Fig. 4

Predictive and prognostic evaluation of FZD10 gene methylation and expression in HGSOC patients. a, b Kaplan–Meier plots showing PFS (a) and OS (b) for the two patient groups defined based on FZD10 methylation using univariate Mantel–Cox log-rank survival analysis in HGSOC AOCS cohort (Set 4, n = 89 and n = 91, respectively). Average methylation β-value for ‘Low’ methylation group patients = 0.07 (0.04–0.09) and for ‘High’ methylation group patients = 0.14 (0.09–0.28). c, d Kaplan–Meier plots showing PFS (c) and OS (d) for the two patient clusters based on FZD10 expression using univariate Mantel–Cox log-rank survival analysis in HGSOC cohorts (Set 6, n = 200 and n = 208, respectively)

In addition, no effect of FAM83A methylation on the survival of HGSOC patients was observed (Additional file 3: Figure S4A, B). However, we found that high FAM83A expression was associated with a better prognosis (OS: HR = 0.52 (0.34–0.86), P = 0.01; Additional file 3: Figure S4D). Furthermore, MYO18B and MKX methylation were associated with patient survival. High MYO18B methylation showed a trend towards better response (PFS: HR = 0.67 (0.43–1.04), P = 0.077) but no association with overall survival (Additional file 3: Figure S5A, B). Likewise, high methylation of MKX was associated with better response and prognosis (PFS: HR = 0.59 (0.38–0.91), P = 0.018; OS: HR = 0.57 (0.35–0.93), P = 0.024; Additional file 3: Figure S6A, B).

To investigate whether DNA methylation is an independent prognostic factor or not, we performed uni- and multivariate analyses on age, stage, and all four methylation markers using the external methylation dataset 4 (n = 91). We found that neither age nor stage was significantly associated with PFS in univariate analysis (Additional file 2: Table S3). Age was found to be significantly associated with OS in multivariate analysis (HR = 0.97 (0.94–1.00), P = 0.040). Notably, in multivariate analysis high FZD10 and MKX methylation was found to be significantly associated with better PFS (for FZD10: HR = 0.39 (0.23–0.65), P = 0.003; for MKX: HR = 0.49 (0.31–0.77), P = 0.002) as well as OS (for FZD10: HR = 0.40 (0.24–0.68), P = 0.001; for MKX: HR = 0.46 (0.28–0.75), P = 0.002; Additional file 2: Table S3). In conclusion, these results demonstrate that, among all candidate markers, only for FZD10 both methylation and expression have prognostic value for response to platinum-based chemotherapy in advanced stage HGSOC patients. Moreover, FZD10 methylation also has independent prognostic value. Hence, we chose FZD10 for further functional validation on ovarian cancer cell lines.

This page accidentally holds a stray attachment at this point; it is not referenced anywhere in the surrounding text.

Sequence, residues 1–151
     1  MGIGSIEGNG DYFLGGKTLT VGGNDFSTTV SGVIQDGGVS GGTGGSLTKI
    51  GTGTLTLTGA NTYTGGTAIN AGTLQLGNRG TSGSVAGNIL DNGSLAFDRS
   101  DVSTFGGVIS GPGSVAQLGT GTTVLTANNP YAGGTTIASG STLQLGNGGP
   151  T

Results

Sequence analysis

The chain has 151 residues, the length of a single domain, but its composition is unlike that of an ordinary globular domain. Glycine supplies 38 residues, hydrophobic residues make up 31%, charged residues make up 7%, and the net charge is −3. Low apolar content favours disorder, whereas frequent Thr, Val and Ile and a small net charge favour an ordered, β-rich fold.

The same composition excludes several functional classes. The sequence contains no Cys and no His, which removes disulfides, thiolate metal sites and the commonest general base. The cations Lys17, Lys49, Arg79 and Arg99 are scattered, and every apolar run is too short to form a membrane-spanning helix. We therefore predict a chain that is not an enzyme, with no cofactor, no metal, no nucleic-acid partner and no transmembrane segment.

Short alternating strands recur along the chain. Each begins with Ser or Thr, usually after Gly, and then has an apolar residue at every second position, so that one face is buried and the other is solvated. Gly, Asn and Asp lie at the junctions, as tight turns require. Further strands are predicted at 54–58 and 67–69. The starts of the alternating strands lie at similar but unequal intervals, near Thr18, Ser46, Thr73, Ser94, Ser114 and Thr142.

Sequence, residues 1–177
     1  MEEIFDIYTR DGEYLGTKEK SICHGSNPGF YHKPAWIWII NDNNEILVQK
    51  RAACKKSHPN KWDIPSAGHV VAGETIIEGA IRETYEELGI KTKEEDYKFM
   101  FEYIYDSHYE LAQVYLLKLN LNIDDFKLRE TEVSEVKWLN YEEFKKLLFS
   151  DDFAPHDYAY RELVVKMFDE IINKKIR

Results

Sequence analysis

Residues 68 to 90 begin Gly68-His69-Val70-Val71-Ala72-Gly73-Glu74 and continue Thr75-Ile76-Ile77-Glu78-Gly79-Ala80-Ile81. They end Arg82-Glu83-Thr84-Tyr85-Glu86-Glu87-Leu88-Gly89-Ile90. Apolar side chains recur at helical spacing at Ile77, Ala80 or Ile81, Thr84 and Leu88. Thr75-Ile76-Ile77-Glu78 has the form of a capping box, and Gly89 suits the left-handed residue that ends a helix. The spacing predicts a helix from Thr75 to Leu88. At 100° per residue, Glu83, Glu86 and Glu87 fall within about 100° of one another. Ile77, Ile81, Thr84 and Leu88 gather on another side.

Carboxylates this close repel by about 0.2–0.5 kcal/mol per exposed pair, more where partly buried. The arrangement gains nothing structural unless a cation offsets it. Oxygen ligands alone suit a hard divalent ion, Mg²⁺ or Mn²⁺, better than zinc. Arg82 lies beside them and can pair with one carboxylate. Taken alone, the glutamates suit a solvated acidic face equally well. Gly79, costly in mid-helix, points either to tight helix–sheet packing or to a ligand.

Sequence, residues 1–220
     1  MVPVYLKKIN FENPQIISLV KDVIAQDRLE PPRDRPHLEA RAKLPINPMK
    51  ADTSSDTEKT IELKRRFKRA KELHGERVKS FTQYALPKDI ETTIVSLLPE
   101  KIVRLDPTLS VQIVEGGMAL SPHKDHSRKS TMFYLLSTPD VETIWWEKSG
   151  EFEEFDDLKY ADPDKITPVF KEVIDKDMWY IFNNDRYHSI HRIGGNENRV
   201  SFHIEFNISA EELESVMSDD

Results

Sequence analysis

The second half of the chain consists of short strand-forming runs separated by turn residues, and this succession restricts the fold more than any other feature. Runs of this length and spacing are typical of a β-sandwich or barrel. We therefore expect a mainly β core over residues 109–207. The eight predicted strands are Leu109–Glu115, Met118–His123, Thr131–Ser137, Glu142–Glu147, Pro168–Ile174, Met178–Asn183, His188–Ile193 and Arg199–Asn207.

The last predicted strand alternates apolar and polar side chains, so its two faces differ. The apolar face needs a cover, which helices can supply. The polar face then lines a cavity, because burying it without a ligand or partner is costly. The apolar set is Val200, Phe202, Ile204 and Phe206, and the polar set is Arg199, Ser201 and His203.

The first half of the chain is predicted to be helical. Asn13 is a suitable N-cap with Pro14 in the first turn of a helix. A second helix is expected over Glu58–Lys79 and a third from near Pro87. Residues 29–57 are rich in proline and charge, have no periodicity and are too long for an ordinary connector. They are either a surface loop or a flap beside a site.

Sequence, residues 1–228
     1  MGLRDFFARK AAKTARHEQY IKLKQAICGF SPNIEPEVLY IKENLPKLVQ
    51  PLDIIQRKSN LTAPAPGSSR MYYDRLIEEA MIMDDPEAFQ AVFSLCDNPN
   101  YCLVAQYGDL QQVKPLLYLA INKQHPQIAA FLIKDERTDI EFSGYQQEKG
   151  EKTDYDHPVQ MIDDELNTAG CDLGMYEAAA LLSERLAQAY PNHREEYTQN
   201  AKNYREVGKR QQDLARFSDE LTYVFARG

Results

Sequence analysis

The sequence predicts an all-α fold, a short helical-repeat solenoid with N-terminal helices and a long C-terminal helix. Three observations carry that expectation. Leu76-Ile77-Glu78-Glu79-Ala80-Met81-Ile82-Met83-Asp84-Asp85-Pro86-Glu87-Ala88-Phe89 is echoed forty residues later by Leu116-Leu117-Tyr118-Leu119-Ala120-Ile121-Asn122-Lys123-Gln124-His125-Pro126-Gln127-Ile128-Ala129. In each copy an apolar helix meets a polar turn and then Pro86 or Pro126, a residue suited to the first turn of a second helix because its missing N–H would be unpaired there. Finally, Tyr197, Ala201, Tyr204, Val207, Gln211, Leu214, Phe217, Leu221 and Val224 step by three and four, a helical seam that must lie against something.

Downregulation of FZD10 enhances cisplatin-induced cell growth inhibition and apoptosis in ovarian cancer cell lines